Doug holds a B.A. in Political Science from Rutgers University and J.D. from George Mason University School of Law. He joined the staff of OTB in May 2010. Before joining OTB, he wrote at Below The BeltwayThe Liberty Papers, and United Liberty Follow Doug on Twitter | Facebook

Comments

  1. Caj says:

    I’m sure they do. Laughing all the way to the bank. Plus the great health care they all receive. The majority of them couldn’t care less that many other citizens don’t have health care as it’s a case of I’m alright Jack, who cares about anyone else? Then last but not the least they work for the GOVERNMENT! You know, the one they all rail against as being too big and how government must shrink by cutting government jobs. Just as long as it’s not their jobs being cut of course! Selfish and out of touch with the common man. It’s all about me, myself and I.

  2. OzarkHillbilly says:

    I have to say Doug, this is a practice that is hardly limited to those in Congress.

  3. Scott says:

    It is easy to demogogue so-called double dipping. Fact of the matter is that pensions are earned in one job. What job one gets after that is a totally separate transaction, whether one goes back into government or private industry or whereever. If you want to argue that legislators pension plans are too generous, go ahead and do that. Pensions are for services already rendered and earned.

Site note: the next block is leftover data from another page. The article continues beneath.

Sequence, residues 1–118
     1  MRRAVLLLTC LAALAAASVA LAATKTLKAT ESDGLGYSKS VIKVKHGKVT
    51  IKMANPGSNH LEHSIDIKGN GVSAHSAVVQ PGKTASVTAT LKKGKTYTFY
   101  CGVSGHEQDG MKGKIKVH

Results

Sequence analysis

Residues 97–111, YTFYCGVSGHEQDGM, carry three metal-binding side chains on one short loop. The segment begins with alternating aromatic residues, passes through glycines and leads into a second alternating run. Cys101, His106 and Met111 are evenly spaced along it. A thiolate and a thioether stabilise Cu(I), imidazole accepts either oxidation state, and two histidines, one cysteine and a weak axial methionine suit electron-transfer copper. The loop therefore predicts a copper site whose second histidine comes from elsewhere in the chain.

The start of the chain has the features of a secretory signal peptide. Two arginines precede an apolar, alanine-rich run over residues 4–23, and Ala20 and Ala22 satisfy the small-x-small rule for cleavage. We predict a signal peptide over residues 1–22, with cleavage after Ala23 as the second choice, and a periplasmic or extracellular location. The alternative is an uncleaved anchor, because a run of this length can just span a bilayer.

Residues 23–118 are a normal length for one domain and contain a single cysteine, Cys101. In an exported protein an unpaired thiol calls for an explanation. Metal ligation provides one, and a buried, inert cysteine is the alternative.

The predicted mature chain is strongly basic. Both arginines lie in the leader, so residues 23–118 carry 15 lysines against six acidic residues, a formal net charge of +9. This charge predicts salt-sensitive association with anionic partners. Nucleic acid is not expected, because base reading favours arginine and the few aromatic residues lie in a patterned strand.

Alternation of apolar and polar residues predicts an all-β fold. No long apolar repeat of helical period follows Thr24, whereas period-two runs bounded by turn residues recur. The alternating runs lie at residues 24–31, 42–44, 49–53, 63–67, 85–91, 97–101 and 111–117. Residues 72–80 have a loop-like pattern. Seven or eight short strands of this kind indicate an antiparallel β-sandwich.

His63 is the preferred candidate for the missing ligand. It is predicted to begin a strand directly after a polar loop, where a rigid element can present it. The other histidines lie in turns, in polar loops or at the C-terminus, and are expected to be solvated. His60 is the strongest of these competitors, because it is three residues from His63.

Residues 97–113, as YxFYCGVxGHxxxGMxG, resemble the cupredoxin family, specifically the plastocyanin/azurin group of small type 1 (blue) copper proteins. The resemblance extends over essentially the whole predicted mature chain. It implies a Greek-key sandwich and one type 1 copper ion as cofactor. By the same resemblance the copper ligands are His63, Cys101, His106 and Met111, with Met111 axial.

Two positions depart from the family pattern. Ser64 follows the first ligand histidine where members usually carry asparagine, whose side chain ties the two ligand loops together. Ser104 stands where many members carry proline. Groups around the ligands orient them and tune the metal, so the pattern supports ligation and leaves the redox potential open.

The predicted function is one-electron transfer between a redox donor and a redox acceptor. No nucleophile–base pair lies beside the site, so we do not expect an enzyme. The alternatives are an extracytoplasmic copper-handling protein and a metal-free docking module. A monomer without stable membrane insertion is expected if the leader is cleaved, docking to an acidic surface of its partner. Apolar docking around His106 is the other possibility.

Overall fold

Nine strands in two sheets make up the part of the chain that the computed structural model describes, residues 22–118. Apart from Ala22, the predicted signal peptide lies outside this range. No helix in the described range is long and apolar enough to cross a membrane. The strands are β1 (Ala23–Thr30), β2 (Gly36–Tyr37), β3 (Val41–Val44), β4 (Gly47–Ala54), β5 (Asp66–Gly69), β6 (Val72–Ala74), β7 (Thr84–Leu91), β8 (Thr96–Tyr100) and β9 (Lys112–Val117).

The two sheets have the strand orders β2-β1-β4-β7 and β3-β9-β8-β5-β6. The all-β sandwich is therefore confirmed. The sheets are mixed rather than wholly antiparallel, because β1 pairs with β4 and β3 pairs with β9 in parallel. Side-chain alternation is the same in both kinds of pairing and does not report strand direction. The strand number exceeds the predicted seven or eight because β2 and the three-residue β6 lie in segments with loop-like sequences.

BTW, our wonderful Governor Perry draws a Governors salary and a state of Texas pension. At least it prevents him from demogoging state employee pensions.

  4. OzarkHillbilly says:

    Also, military bases are full of people doing this.

  5. Electroman says:

    Yeah, it’s hard for me to see this as a problem. In fact, it’s hard for me to see the dislike of this in a good light at all. They earned the pension, they should get it. They’re earning the salary (at least to the letter of the law if not in spirit), they should get it, too.

    In the spirit of full disclosure, I get a pretty decent pension from the military (I retired as an O-6 after thirty years) and also work full-time; however, I’m an independent consultant, so I’m self-employed and don’t get a salary at all, much less from the Feds.

  6. Sam Malone says:

    I don’t really care about the money they make…but it would be nice if they actually did something for it. 37 votes to repeal Obamacare? Seriously…

  7. beth says:

    I’m more disturbed by the lawmakers who denigrate and demonize public employees for their pensions and health care while enjoying the same benefits themselves. I agree with all above who said that pensions are promised benefits earned at a job, usually in lieu of salary increases or other benefits. I don’t disagree with anyone collecting what was promised to them and earned.

  8. Just Me says:

    I am not particularly bothered by earning and a felting pension payments while serving in congress.

    I do object to legislative and other elected officials receiving pensions.

  9. Tyrell says: